What is the Value of Real Welfare?

UK pig specialist veterinarian, Jake Waddilove, offers his views on Real Welfare assessment on pig farms. Overall, he is supporter of the scheme although he agrees, with others, that fine-tuning is needed on the assessment of environmental enrichment, recording minor tail lesions and body marks and sampling protocols.
calendar icon 11 October 2013
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Jake Wadilove assesses the welfare of outdoor-reared pigs

Vet Jake Waddilove has been carrying out Real Welfare assessments for some time and is generally a supporter of their value.

His comments were made in the middle of a large field of some 5,000 finisher pigs in East Anglia where he was conducting a Real Welfare Assessment.

“I was pleasantly surprised that it is easier than I thought to do the assessment on outdoor units. It can be pleasant walking round a field doing an assessment on a nice summer’s day but I don’t think I’m going to enjoy it as much in the middle of a February when it is freezing cold. There may be real practical difficulties then as the paddocks will be muddy, rather than dusty as they are now. However, there will also be less of a tendency for the pigs to wallow.”

“I don’t think these assessments are that difficult on most units but I believe the instructions can make them seem more complicated than they actually are.”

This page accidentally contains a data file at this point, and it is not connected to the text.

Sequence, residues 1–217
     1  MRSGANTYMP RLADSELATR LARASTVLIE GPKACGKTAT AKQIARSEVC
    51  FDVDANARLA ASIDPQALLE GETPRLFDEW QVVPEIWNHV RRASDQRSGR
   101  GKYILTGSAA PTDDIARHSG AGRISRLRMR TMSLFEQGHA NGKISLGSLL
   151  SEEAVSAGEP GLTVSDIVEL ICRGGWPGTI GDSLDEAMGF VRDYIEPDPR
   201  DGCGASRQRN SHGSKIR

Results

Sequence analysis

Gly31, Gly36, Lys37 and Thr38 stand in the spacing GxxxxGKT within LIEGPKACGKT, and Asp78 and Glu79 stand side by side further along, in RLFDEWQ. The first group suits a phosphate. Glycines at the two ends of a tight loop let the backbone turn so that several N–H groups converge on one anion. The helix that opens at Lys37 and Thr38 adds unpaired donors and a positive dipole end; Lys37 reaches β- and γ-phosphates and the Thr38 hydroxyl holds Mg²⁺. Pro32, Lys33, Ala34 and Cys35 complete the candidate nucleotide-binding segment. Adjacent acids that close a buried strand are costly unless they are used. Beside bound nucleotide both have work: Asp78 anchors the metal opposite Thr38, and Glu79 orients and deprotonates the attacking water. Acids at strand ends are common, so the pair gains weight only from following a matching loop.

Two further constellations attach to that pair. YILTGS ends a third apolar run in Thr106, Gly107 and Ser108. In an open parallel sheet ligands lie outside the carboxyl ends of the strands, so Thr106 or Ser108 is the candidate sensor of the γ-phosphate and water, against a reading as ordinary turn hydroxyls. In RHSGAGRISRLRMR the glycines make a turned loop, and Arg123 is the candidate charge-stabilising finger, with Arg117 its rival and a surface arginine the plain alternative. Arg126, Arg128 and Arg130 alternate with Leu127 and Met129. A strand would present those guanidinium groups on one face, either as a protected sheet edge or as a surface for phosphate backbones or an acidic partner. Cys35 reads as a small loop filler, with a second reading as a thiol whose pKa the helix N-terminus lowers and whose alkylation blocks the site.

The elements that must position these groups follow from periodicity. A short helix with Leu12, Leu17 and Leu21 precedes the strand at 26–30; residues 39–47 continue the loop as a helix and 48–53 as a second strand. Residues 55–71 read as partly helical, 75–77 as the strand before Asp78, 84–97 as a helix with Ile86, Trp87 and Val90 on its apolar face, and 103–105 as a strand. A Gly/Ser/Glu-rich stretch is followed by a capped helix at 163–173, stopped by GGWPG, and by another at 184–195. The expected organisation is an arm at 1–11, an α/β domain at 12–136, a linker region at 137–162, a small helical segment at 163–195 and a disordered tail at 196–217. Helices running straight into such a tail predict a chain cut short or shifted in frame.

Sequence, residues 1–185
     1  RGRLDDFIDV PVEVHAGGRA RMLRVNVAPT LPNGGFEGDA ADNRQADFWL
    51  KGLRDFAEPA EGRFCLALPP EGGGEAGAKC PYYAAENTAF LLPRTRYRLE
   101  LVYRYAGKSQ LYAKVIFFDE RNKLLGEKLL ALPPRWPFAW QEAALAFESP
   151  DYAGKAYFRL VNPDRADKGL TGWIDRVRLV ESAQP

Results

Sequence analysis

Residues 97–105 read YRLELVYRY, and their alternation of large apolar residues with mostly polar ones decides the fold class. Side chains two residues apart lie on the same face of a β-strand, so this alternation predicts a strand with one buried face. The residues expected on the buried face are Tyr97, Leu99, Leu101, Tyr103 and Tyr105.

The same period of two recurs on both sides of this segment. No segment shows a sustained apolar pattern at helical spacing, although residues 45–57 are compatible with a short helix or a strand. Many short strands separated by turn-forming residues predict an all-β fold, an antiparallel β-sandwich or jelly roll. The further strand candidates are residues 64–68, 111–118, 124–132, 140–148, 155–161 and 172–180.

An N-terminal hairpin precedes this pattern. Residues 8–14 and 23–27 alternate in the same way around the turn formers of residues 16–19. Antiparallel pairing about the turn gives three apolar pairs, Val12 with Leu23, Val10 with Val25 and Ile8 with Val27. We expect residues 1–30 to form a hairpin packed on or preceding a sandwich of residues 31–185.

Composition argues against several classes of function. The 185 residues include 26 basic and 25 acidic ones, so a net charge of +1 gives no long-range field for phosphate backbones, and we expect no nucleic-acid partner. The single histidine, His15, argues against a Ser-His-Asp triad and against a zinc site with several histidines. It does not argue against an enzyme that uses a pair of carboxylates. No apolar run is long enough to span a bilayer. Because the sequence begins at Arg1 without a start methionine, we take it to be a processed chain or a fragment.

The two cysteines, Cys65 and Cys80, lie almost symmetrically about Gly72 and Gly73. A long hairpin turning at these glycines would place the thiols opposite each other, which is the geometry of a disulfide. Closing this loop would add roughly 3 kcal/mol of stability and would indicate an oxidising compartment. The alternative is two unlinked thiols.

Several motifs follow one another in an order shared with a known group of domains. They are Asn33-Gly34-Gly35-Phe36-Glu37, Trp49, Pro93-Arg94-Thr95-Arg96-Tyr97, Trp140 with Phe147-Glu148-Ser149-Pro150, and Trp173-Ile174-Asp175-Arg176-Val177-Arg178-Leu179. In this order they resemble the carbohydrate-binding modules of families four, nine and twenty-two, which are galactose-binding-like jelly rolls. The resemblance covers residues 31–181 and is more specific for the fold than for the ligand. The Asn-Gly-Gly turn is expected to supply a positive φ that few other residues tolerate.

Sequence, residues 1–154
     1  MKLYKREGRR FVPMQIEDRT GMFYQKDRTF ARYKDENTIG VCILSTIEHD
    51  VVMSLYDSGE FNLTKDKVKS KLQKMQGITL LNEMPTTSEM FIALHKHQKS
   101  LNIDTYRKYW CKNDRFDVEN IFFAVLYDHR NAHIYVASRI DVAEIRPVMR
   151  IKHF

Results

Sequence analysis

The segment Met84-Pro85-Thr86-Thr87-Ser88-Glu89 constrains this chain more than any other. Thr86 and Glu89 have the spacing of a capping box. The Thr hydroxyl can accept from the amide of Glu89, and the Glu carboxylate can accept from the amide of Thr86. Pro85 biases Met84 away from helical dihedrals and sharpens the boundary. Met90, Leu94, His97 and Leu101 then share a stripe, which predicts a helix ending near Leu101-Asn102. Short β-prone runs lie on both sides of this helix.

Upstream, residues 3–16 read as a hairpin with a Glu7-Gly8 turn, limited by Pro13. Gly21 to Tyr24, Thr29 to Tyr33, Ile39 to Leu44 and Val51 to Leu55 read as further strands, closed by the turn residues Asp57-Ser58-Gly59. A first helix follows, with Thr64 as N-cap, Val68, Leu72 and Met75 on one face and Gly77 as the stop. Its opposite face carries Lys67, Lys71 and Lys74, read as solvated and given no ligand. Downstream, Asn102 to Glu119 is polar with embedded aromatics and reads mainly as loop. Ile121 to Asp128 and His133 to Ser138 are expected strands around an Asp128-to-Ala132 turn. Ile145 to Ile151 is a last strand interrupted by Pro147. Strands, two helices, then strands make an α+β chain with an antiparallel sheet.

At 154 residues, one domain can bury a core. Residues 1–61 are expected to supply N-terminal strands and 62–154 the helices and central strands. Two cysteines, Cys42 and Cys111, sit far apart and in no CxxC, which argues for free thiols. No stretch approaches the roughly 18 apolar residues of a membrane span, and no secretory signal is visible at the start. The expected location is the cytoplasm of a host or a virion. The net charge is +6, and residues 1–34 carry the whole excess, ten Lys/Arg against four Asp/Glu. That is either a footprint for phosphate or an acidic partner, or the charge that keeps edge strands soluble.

Jake agreed there were teething problems with Real Welfare but that was only to be expected. He also has real concerns over the validity of the enrichment section.

He said: “I definitely believe there is value in Real Welfare. We have not been doing it long enough for those benefits to become apparent yet.

“I can think of some pig farms in the past where this would have been a very useful tool to point out problems. In these cases, measurements such as these would be a great help in identifying the causes and actions needed.”

Actually carrying out the assessment, Jake finds the clicker counter useful as it helped him keep a tally of the count in large groups. One of the major problems can be dirty or coloured pigs, which make skin lesion scoring impossible. That said, the number of skin lesions in outdoor finished pigs seems very low.

“When the pigs are moving around a lot, there is also the possibility of counting the same pigs twice so I try to keep moving around to different areas of the paddock. Keeping on the move also helps cut down being nibbled!

Jake is, overall, a supporter of Real Welfare, saying: “What we are doing is measurable and will help demonstrate the quality of the welfare we have.”

Jake’s concerns, amongst others, were discussed at a recent Real Welfare review meeting. The meeting was organised by Red Tractor and BPEX, and 20 stakeholders took part.

The decision was made that, although the reasoning behind Real Welfare is still as important, assessment of environmental enrichment would be suspended until the end of February 2014 pending a re-design. The group of stakeholders will now also consider the value of the recording non-severe tail lesions and body marks, and review the practicality of the sampling protocol.

"It can be pleasant walking round a field doing an assessment on a nice summer's day," commented Jake.

Further Reading

Go to our previous news item on Real Welfare assessment by clicking here.

October 2013

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